7. Just covered this on my blog, Lol

  8. I really try to not be overprotective and let my kids be kids!

    They do walk to school and play outside with their neighbor friends all the time. The makeup games, the bike ride, scooter, skate, jump on the trampoline. We live on a dead end street with only 6 houses and if it was a busy street I wouldn't have the freedom to let them play out front like that. Needless to say we are moving and looking for a new house and being in a low traffic area is high priority.

  9. I am a new follower from Meet Me Monday blog hop
    please follow me back.

  10. Love your thinking in this post.Modern motherhood is way too intense. In my recent post I argue we're taking ourselves WAY too seriously. Check out Sunday Soapbox. It's new to my blog and looks like a great fit for your style. :-)

    In response to your question, instead of saying "what would you like for dinner, chicken nuggets, pizza bites, or mac and cheese?" I would say "We're having meatloaf. Take it or leave it." When someone whined about the menu, I'd follow up with "If you're not happy, you can make yourself a peanut butter sandwich." When they groaned about that, I'd say "then you're not hungry."

    My mom didn't act like a waitress/personal chef.
    Thanks for the revelation.

  11. I remember those days! I'm not sure what's changed. I grew up on a city block, and I stayed on it. My parents could walk out the front door and yell down the street for me. Now we live in a maze-like subdivision (and the internet has informed me that there are a few less-than-savory people residing here). My son is still too little to galavant around the neighborhood, but I hope that I have the wherewithal to kick his little dupa out to play. :)

  12. Can totally relate to this post. It was so much easier back then wasn't it. Trying hard to make it like that for our kids now. It is a challenge and a commitment though, a conscious choice. And I often think people find our family odd because of it.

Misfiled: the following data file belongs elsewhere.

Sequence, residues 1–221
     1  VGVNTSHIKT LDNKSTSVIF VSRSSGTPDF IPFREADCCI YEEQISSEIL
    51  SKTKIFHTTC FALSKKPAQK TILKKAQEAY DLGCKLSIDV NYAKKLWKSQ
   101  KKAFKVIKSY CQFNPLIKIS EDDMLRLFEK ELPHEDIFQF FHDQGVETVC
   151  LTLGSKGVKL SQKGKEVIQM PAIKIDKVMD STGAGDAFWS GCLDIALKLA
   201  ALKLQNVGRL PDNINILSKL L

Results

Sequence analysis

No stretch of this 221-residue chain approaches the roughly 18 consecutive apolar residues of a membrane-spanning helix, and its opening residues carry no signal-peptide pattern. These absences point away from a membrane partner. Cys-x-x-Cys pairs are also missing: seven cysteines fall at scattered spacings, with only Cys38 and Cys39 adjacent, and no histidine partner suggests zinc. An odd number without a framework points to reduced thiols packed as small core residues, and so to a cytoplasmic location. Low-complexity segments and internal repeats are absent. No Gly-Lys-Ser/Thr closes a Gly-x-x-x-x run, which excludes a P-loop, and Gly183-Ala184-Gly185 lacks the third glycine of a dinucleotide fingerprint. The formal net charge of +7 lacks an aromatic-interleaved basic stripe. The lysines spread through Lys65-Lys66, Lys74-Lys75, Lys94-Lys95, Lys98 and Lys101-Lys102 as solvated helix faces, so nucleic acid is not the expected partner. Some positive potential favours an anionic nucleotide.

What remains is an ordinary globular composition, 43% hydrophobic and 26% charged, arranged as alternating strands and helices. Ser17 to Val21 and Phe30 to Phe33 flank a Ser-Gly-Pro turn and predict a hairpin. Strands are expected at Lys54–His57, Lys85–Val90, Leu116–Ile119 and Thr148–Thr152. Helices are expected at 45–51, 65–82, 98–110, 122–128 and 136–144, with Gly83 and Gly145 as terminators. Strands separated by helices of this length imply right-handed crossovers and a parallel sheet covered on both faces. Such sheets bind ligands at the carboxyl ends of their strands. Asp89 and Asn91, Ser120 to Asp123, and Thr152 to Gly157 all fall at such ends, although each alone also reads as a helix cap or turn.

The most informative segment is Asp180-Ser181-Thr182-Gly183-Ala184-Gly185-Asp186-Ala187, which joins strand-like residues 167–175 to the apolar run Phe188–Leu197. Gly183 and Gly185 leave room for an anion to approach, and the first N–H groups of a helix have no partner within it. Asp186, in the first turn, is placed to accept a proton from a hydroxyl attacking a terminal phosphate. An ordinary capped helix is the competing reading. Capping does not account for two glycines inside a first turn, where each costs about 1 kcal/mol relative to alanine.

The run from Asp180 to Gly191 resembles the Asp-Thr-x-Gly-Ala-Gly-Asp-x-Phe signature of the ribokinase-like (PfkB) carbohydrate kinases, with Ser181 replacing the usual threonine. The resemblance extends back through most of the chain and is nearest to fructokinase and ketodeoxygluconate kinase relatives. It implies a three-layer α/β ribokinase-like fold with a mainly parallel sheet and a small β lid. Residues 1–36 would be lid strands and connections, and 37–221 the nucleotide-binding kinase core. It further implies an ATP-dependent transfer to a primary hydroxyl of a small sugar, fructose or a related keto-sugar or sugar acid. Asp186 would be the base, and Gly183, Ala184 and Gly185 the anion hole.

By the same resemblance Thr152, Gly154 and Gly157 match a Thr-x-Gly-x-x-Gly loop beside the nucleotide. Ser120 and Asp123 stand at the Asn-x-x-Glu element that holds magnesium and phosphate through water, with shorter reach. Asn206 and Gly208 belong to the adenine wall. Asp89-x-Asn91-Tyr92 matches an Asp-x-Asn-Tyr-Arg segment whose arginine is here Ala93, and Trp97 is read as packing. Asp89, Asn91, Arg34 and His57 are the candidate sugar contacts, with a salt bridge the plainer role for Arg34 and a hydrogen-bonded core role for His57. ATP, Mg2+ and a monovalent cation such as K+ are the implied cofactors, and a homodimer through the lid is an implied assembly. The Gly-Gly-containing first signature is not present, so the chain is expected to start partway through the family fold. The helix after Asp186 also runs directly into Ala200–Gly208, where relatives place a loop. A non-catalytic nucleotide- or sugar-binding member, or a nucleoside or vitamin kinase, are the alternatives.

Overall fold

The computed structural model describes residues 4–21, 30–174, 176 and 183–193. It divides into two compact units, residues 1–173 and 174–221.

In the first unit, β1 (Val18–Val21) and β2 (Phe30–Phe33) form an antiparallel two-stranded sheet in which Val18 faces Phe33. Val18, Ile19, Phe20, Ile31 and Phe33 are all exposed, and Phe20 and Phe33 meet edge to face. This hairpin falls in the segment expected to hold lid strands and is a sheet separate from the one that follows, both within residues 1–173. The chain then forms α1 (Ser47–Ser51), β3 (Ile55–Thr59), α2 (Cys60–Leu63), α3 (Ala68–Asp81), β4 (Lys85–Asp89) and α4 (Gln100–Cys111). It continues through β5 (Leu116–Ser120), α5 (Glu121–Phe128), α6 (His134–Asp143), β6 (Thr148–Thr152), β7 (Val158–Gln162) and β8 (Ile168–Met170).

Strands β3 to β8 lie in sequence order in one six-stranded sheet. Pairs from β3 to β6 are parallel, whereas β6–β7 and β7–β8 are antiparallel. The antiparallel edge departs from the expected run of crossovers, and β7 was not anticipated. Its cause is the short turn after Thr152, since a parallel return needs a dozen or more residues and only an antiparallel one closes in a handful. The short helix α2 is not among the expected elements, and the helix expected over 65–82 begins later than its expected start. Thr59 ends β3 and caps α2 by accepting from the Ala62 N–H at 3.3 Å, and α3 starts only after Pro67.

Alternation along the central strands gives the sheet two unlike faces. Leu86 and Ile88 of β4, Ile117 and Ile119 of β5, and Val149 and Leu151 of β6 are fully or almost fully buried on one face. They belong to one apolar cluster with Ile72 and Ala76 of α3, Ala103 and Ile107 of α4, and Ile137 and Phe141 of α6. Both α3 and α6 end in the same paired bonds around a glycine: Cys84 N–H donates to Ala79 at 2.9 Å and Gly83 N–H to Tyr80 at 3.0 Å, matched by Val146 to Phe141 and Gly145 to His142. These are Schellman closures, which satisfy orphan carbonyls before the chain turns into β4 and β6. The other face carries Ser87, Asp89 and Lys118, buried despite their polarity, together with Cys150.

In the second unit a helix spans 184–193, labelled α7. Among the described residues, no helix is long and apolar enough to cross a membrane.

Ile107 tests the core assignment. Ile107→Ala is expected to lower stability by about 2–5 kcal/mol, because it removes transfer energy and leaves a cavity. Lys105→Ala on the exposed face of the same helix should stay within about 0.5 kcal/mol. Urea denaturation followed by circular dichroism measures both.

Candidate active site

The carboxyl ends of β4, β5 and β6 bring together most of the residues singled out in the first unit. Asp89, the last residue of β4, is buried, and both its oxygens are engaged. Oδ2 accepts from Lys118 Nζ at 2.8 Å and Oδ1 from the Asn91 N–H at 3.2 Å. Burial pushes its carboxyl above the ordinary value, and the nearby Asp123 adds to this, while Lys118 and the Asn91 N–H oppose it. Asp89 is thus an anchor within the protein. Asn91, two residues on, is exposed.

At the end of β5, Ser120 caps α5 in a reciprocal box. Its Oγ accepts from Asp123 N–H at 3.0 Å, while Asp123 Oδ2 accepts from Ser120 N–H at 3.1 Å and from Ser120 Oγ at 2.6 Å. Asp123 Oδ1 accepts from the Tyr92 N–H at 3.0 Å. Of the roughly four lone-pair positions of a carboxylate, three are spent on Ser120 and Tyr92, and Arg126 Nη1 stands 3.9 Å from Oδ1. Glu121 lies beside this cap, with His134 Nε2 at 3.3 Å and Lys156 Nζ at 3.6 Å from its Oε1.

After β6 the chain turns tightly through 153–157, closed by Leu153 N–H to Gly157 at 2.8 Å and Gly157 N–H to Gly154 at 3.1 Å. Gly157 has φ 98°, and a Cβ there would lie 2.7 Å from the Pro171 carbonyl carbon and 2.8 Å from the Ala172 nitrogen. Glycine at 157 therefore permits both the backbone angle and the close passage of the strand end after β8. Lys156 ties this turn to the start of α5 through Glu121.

13. My vehicle does have a movie player in it, and while I know it's going to be cool for those longer rides. Some days I don't think I care bare to hear the same movie played over again. My 13 year old walks to school if he misses the bus. He takes a transit because is school is farther away. Only a couple of times I didn't make him go in the extreme cold. much like my mom did if it was really cold out. I'm lucky though. My kids would rather play outside and run than watch television.

    We do something organized for the kids though, because they are in between the ages of most kids in our neighbourhood. My oldest is in Cadets and we signed up the second for soccer. I'm not going all crazy putting them in everything and anything though.

  14. bwahahahaha... Times have definitely changed. Not only for us as a family unit, but society as well. lol.. Here to thank you for the follow, and let you know we are following back... Now, off to read more... (=

  15. We walked EVERYWHERE!!! Or we rode our bikes. And playdates? WTF??? We had Brownies, Girl Scouts, piano lessons, AND when we were in the 6th grade, we all (boys and girls alike) went down to the Biltmore Hotel in Atlanta for ballroom dance lessons once a week!
    In the summer, we played kick ball, dodge ball, and soft ball as pick-up games in an empty lot. We would go home at dusk, tired and sweaty!

  16. Love this post. My husband is probably the worst at this so over protective he wants to keep them in a bubble and they get in trouble when they breathe. One of my sons does walk home with a friend and the weekends are THEIR'S. They run outside and play football, get dirty, and climb trees (it freaks my husband out). They play video games when they want but they are centered in that they do not spend the entire day doing it.

    I plan family activities when we can but for the most part they get to chose what they do. Even their after school sports it is always their choice whether to join or not.

    Great post!

  17. My kids walk the two blocks to school. They play just to play with friends and with my help they built a tree fort.

    It's harder to keep them playing in this modern society of video games, television, and computers.

  18. Greetings from Southern California

    My name is Ron and I'm your newest follower. I invite you to visit my blog and become a follower if you want too.

    Take care and have a nice day :-)

  19. I'm 37 years old, and my mother *still* talks to me like that. At least, the second line anyway.

    Love your post. Will keep reading. Look forward to reading the book.

    P.S. my kids and I built a tree fort:

  20. This is an interesting post. I do remember walking home daily from school my entire school career. Now-a-days, people are so much more willing to kidnap or so something worse, it's sad to come to terms that you can't just walk outside anymore without wondering what could happen.

    I've lived in my city most of my life and know most of the town. But I still wouldn't let my son walk to school alone when he's old enough. I'd be very paranoid about it.